Location: Immunity and Disease Prevention Research2019 Annual Report
Objective 1: Determine the differential metabolism and uptake of n-3 fatty acids from dietary phospholipid and triglyceride forms in different tissues. -Sub-objective 1A: Determine the differential uptake and accretion of PL and TG forms of DHA in different mouse tissues. - Sub-objective 1B: Compare the metabolism of PL and TG forms of DHA in different mouse tissues. - Sub-objective 1C: Determine whether the differential accretion of DHA in brain from the PL and TG forms will result in differences in mouse behavior. Objective 2: Compare the anti-inflammatory and immune-modulating ability of n-3 fatty acids from dietary phospholipid and triglyceride forms in different tissues. -Sub-objective 2A: Compare the anti-inflammatory and immune-modulating ability of PL and TG forms of DHA by using experimental allergic encephalopathy (EAE)as a mouse model of brain inflammation. - Sub-objective 2B: Compare the anti-inflammatory and immune-modulating ability of PL and TG forms of DHA in the prevention of diet-induced NAFLD in mice.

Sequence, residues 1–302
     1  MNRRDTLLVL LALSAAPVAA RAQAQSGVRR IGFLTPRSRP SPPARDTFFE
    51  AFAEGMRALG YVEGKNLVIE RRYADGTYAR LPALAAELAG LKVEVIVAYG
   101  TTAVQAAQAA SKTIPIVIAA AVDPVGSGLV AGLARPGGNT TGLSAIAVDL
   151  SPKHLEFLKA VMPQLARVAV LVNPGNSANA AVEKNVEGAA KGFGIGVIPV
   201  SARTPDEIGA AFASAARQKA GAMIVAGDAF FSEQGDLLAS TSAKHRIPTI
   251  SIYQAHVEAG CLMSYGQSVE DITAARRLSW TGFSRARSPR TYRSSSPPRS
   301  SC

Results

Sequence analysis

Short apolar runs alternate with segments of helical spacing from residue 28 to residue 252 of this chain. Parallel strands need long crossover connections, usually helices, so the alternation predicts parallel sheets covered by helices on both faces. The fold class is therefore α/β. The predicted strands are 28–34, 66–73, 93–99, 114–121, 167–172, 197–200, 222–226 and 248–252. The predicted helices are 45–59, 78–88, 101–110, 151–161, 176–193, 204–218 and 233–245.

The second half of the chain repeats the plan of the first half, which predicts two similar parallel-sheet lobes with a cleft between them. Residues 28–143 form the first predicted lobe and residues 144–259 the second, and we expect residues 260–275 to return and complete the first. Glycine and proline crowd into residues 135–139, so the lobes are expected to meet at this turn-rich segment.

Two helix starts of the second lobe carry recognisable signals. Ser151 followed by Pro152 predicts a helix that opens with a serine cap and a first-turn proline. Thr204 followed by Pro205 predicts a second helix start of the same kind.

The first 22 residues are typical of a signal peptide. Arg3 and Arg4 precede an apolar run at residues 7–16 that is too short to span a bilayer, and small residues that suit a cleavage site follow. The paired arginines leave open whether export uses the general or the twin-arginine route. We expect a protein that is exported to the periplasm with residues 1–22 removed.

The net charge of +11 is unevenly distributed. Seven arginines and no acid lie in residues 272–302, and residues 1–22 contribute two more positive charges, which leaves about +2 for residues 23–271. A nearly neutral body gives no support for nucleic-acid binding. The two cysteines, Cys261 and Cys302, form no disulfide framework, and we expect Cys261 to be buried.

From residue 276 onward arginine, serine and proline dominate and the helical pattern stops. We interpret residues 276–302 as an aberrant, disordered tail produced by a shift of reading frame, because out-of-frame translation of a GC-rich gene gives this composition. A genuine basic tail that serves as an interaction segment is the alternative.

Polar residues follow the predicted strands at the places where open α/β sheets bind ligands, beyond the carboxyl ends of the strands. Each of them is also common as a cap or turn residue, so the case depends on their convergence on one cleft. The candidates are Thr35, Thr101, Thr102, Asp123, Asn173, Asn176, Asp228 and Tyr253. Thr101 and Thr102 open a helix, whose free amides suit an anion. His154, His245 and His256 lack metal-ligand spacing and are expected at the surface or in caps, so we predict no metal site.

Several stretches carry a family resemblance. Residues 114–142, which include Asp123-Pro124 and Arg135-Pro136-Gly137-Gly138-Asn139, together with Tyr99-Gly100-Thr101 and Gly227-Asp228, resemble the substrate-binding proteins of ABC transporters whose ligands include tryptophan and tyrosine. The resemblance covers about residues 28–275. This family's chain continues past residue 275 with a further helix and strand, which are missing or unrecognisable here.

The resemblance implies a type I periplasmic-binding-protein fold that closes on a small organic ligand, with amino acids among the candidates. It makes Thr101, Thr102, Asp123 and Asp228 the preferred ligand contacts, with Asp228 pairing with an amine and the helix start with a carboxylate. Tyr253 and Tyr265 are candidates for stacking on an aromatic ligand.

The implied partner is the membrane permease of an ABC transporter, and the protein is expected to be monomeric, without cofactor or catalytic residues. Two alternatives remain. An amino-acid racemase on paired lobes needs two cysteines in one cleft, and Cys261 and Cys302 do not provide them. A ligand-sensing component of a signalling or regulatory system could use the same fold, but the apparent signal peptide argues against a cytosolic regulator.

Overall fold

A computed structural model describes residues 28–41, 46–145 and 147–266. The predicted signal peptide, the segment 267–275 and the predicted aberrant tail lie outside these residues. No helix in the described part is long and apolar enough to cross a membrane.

Proposed experiments will compare accretion, metabolism and health effects n-3 fatty acids from the phospholipid (PL) and the triglyceride (TG) forms in different mouse tissues. For objective 1, we will determine the dose dependent accretion and metabolism of the PL-DHA and TG-DHA in the mouse tissues and their effects on the behavioral responses. We hypothesize that tissue accretion of DHA will increase with its increased intake, and at a given dose it will be greater in the PL group than in the TG group for tissues which express mfsd2a transporter (brain and liver) and will be similar in tissues (heart, muscle, and adipose tissue) that do not express this transporter. We also hypothesize that concentration of DHA in different lipid classes and PL subclasses, and that of DHA metabolites will be a function of tissue DHA concentration, and that DHA will improve learning and memory, and decrease fear and anxiety induced stress; effects of PL-DHA will be greater than that of TG-DHA on the behavioral responses tested. For objective 2, we will compare anti-inflammatory and immune-modulating effects of single equivalent dose (based on the results of objective 1) of the PL- and TG-DHA on brain and liver. For studies with brain we will use the mouse model of experimental allergic encephalomyelitis (EAE), and for liver we will use the high fat and high sucrose diets fed mouse model of nonalcoholic fatty liver disease (NAFLD). We hypothesize that both forms of DHA will delay the onset and severity of EAE and NAFLD when compared with the control groups, and PL-DHA will be more effective than TG-DHA. We anticipate our results will support the proposed hypotheses, however, if DHA does not have any effect on the response variables tested, we may repeat some experiments by increasing the duration of feeding. Whether or not the two forms of DHA differ in their effects on the responses tested will be equally useful information. A variety of behavioral, biochemical, molecular, immunohistochemistry, flowcytometery, and other analytical methods will be used. The mouse models and the methods proposed here have been previously used in our or our collaborator’s laboratories.